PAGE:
Handstands are cool, but many peeps think they’re out of reach. Why’s it such a good idea to give them a try? Handstands are part of yoga practice, and multiple studies show that yoga can effectively boost heart health, regulate blood glucose levels, and help musculoskeletal issues. Here’s what else handstands can do.

  • They increase upper body strength. Handstands work your shoulders, arms, and upper back strength. In fact, it’s not uncommon for beginners to start shaking after just a few seconds of holding a handstand.
  • They build core strength. Handstands force you to stabilize your muscles and work those abs. Plus, you’ll work your hip flexors, hamstrings at the backs of your legs, inner thigh muscles, obliques that run along the sides of your core, and lower back.
  • They boost balance. You need some pretty impressive balance skills to master the handstand. When you do a freestanding handstand, you’ll need complete muscle control and the ability to rebalance continually.
  • They improve bone health. Handstands are inverted weight-bearing exercises, meaning they’ll help strengthen your bones, particularly in the spine, shoulders, arms, and wrists. Stronger bones are linked to a reduced risk of osteoporosis.
  • They reduce inflammation. Inversion yoga can reduce inflammation, according to a 2014 study. Long-term, low level inflammation seems to play a role in health problems like type 2 diabetes, heart disease, and Alzheimer’s disease.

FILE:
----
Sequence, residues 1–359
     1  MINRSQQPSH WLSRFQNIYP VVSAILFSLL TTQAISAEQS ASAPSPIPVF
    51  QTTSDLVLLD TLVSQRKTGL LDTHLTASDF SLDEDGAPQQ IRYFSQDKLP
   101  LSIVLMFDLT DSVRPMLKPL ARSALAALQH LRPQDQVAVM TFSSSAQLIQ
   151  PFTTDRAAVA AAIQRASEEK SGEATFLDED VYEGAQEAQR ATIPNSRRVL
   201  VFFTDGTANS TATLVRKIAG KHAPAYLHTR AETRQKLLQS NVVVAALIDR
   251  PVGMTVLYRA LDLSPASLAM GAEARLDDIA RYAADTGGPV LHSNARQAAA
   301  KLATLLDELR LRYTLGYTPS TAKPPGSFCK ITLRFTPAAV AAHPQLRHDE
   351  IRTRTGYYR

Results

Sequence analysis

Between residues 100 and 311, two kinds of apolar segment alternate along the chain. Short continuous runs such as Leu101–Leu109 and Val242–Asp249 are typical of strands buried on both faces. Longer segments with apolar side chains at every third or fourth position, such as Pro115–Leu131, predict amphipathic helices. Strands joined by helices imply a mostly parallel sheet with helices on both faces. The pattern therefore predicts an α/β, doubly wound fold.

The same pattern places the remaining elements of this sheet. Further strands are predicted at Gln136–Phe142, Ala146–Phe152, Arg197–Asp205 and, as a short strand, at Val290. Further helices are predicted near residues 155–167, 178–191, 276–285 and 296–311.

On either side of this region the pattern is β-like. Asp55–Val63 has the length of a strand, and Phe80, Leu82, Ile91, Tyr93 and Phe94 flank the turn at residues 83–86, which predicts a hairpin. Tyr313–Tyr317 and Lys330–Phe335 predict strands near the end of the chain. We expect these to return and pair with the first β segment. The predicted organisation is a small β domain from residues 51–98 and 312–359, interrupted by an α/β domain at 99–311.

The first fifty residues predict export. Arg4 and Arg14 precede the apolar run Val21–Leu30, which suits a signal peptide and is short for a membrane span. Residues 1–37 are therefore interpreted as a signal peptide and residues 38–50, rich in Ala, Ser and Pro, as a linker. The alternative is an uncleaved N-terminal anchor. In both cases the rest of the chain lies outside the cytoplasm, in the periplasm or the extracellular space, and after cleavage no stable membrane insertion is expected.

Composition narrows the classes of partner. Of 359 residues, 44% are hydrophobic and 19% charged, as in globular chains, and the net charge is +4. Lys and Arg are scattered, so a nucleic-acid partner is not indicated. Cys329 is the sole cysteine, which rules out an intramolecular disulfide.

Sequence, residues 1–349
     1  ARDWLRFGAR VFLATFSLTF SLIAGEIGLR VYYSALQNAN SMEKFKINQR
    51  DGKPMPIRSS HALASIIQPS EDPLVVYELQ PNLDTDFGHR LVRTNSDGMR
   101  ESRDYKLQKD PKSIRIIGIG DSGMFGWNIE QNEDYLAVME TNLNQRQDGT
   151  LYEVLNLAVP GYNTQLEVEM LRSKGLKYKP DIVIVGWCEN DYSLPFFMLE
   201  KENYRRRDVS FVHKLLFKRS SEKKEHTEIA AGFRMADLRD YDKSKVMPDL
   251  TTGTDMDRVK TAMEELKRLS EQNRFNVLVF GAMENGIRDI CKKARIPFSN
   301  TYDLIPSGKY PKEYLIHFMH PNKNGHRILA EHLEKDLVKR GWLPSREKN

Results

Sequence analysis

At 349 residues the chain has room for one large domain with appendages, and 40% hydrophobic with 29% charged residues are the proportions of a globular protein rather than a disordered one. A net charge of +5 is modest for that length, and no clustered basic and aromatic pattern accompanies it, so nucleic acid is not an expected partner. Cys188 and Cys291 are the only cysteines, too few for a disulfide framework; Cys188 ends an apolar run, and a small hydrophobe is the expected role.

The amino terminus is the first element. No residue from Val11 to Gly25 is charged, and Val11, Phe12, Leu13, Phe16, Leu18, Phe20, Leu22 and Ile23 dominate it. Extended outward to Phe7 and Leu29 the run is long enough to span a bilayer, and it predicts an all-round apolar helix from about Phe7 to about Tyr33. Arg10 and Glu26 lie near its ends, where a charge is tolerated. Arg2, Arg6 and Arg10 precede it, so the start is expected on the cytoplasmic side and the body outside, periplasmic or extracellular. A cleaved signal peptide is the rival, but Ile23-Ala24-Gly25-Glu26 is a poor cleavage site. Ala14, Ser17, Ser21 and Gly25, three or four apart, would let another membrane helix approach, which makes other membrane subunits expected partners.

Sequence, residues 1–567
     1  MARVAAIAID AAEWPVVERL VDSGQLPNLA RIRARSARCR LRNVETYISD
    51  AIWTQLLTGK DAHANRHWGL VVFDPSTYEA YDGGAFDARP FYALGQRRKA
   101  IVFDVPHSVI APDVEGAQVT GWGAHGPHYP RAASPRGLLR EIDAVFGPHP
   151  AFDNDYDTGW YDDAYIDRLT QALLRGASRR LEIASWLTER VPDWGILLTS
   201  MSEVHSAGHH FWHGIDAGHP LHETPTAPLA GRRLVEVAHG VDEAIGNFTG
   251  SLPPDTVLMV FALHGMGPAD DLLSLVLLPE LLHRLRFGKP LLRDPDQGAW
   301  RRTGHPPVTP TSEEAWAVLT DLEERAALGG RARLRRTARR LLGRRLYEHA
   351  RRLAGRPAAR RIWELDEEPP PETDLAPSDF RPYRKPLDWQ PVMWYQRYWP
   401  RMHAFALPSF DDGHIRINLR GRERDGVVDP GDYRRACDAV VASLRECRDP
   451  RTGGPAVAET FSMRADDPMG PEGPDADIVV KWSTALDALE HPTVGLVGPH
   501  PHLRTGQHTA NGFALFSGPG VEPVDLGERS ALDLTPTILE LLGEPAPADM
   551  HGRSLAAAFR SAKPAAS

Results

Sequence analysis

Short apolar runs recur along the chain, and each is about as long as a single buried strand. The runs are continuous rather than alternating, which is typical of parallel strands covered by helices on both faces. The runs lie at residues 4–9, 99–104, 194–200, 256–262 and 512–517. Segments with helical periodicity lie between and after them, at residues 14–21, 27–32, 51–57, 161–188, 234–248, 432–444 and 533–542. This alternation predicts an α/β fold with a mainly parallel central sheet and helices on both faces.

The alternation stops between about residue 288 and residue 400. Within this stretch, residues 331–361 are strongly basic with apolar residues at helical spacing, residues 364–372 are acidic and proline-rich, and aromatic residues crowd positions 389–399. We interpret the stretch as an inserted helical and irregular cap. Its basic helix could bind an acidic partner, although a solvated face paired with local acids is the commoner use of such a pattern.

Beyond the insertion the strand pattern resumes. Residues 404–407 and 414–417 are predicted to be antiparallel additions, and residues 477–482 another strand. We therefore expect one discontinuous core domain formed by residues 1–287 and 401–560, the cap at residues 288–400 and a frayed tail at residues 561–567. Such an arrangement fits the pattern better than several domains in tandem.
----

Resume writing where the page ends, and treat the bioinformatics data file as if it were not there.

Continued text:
For safety, you may want to give handstands a miss if you’re pregnant or have specific health conditions — at least until you have a chat with your doctor. These conditions include:

Here’s how to make sure you stay as safe as possible while you’re practicing.

  • Enlist a friend. Get a friend, trainer, or yoga teacher to help you. They can help guide you as you align your body and help support you if you lose your balance.
  • Use a wall. It might seem like a cop-out, but using a wall helps you build balance and strength and keeps you from toppling over. It’s a tool to use on your journey to handstand heaven.
  • Get some cushioning. Grab some folded blankets or cushions, and place them around you. If you lose your balance, they’re a soft landing.

So, you wanna know how to get better at handstands? A strong core and decent balance are essential, so here are some exercises to help build those skills.

Forearm plank

  1. Start in a push-up position, with your elbows under your shoulders and your feet hip-width apart.
  2. Bend your elbows and drop down, so your weight is resting on your forearms and toes, keeping your body in a straight line.
  3. Maintain the hold for 10 seconds. Release to the floor. Work your way up to 30, 45, or 60 seconds.

Half handstand

  1. Come into Downward Dog with your heels touching a wall. Remember to position your arms shoulder-width apart and engage your arms.
  2. Lift one foot and press the sole to the wall at hip height. Next, lift the other leg beside the first, keeping them hip-width apart on the wall.
  3. Straighten your legs while harnessing the full-body engagement of the plank pose. Check that your shoulders are over your wrists, engage your upper arms, core, and quads.
  4. Hold for up to 60 seconds.

Modified box handstand

  1. Find yourself a box or bench. The higher it is, the more complex the move.
  2. Start on all fours in front of the bench, then one at a time, place your feet up on the bench.
  3. Walk your hands slowly back toward the bench and raise your butt in the air. You can keep your legs slightly bent if easier. Try to create a straight line with your arms and spine, and engage your core.

Handstands have some great health benefits, but they’re also fun to do! To build your strength, you can gradually incorporate handstand modifications into your routine and prepare to practice a full handstand. They just might turn your whole world upside down!